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  13. My older son missed being able to vote by just a few weeks. I've gotten a home ballot mailed to me because I want him to see it and be able to talk about it in more depth than we have before. In terms of not voting, I think that in a country this large it's hard to imagine your one little vote can change anything. Example of both sides: My husband and I cancel each other out every year. Frustrating cause I feel my vote just gets canceled by his. The other side of the coin is that if I don't vote, I won't be canceling out his vote, LOL!

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    1. "The other side of the coin is that if I don't vote, I won't be cancelling out his vote, LOL" nice to see you see the silver-lining :)

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    2. Karen, I like the idea how you've decided to take the time out to talk with your son about politics. At least he will be well informed next time. Thanks for commenting.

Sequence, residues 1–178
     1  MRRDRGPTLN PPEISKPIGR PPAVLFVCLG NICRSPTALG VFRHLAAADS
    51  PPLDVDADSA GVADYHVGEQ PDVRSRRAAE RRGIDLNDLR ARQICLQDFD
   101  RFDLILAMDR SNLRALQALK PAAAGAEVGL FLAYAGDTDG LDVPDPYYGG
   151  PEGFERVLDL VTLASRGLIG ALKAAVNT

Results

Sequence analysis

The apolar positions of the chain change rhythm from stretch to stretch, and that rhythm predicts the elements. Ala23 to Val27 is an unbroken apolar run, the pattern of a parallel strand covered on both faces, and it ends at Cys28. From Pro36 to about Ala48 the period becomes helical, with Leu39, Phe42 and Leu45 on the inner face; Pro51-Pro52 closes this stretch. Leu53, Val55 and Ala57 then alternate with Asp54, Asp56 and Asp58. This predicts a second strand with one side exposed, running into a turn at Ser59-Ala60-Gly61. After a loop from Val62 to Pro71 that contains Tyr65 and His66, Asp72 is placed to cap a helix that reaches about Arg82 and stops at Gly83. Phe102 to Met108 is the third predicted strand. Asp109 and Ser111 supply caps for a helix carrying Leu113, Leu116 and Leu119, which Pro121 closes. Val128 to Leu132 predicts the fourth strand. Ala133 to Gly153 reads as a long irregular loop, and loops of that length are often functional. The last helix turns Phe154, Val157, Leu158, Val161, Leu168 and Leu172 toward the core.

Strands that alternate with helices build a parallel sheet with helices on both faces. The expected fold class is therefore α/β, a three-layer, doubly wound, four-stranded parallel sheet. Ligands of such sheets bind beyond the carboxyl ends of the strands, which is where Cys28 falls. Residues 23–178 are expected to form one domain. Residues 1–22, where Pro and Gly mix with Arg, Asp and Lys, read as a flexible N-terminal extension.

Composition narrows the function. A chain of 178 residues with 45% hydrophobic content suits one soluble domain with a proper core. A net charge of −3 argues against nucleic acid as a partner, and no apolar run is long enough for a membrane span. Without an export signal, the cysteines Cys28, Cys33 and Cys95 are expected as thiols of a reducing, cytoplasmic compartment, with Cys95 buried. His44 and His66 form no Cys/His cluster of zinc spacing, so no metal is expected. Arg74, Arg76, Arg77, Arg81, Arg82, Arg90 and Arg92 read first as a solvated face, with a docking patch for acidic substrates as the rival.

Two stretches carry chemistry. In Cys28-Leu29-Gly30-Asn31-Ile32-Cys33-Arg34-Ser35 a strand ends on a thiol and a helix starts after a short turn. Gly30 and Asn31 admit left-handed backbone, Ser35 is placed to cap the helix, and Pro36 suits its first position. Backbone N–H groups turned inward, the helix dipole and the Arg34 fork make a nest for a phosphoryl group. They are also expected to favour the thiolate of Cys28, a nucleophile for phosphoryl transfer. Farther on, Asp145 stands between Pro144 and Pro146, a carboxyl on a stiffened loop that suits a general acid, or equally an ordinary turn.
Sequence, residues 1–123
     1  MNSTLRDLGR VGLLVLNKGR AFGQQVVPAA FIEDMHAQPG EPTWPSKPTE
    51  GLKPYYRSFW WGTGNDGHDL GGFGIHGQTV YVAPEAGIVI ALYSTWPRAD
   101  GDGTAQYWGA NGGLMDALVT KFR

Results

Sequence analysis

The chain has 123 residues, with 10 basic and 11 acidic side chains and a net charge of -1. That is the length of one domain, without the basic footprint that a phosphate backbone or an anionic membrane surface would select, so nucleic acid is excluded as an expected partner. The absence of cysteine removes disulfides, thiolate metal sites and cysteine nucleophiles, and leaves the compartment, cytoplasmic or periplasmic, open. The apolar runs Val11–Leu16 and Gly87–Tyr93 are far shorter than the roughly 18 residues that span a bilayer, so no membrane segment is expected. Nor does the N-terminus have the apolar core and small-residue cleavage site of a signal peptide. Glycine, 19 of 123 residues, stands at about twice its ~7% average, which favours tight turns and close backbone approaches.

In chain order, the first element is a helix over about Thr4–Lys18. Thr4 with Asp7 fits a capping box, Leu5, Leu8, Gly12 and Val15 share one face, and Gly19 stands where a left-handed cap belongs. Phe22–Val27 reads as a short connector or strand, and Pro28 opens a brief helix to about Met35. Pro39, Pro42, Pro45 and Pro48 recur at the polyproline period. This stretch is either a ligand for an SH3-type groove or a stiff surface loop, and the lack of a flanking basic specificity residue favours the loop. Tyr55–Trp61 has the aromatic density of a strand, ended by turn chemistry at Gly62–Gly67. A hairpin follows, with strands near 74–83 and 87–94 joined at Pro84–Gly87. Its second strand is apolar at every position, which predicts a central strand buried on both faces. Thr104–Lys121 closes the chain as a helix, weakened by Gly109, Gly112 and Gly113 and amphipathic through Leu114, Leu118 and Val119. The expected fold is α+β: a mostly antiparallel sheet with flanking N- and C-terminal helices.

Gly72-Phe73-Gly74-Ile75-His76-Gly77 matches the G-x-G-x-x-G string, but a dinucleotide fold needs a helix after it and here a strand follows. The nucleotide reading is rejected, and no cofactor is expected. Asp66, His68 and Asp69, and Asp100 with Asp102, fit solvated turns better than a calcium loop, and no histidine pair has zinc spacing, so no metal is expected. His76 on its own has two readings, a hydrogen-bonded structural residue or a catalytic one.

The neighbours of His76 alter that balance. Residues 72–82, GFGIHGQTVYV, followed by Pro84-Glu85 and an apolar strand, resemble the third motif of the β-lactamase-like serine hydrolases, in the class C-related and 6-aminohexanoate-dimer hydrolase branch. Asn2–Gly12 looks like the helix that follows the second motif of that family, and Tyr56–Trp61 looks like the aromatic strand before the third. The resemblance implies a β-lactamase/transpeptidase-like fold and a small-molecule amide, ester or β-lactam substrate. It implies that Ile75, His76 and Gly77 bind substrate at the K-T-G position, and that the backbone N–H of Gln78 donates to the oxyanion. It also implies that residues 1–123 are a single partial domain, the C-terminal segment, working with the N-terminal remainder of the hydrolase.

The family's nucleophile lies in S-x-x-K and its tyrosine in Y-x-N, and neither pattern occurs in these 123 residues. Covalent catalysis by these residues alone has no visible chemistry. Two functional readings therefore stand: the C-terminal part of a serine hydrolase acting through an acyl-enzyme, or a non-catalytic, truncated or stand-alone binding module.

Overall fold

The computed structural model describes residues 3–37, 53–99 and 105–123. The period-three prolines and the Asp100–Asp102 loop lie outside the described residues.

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  14. Listen, if everyone has the right to vote is safe to assume that everyone has the right not vote, you said it yourself, it's a right, not an obligation therefore I won't mind if some don't want to vote but I will mind if the ones who didn't vote won't shut up about the ones who were chosen to rule the world. By voting you're basically buying yourself the right to criticize the governments and all the ones that somehow are in charge of ruling the country. Ever since I became eighteen I excised my right to vote on every occasion. Even if it's one vote I want to feel that it counts. I wish I was american 'cause I'd go and vote for sure :) But not just for that, I am more american than what I actually am.

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    1. Thanks Izdiher, is there a reason why? Would you mind sharing?

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  16. In my opinion, it is not good to give Voting right to kids < 18 yrs as they do not have the ability to take a correct decision on their own.

    Voting is our right and our responsibility. We can skip it only under extremely bad conditions (say, for example, if we are sick
    and hospitalized on that particular day. ;))

    - Dhaston
    http://dhaston.blogspot.com/

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    1. Dhaston, Kleopatra made a good point how some over 18s don't know about politics too. So what age would you suggest is a good age to vote? Would you also think it a good idea if voting was mandatory? as you spoke about only missing it if you were ill or in hospital. Just thoughts that popped into my mind as I read your comment. Thank you so much Dhaston for commenting. :)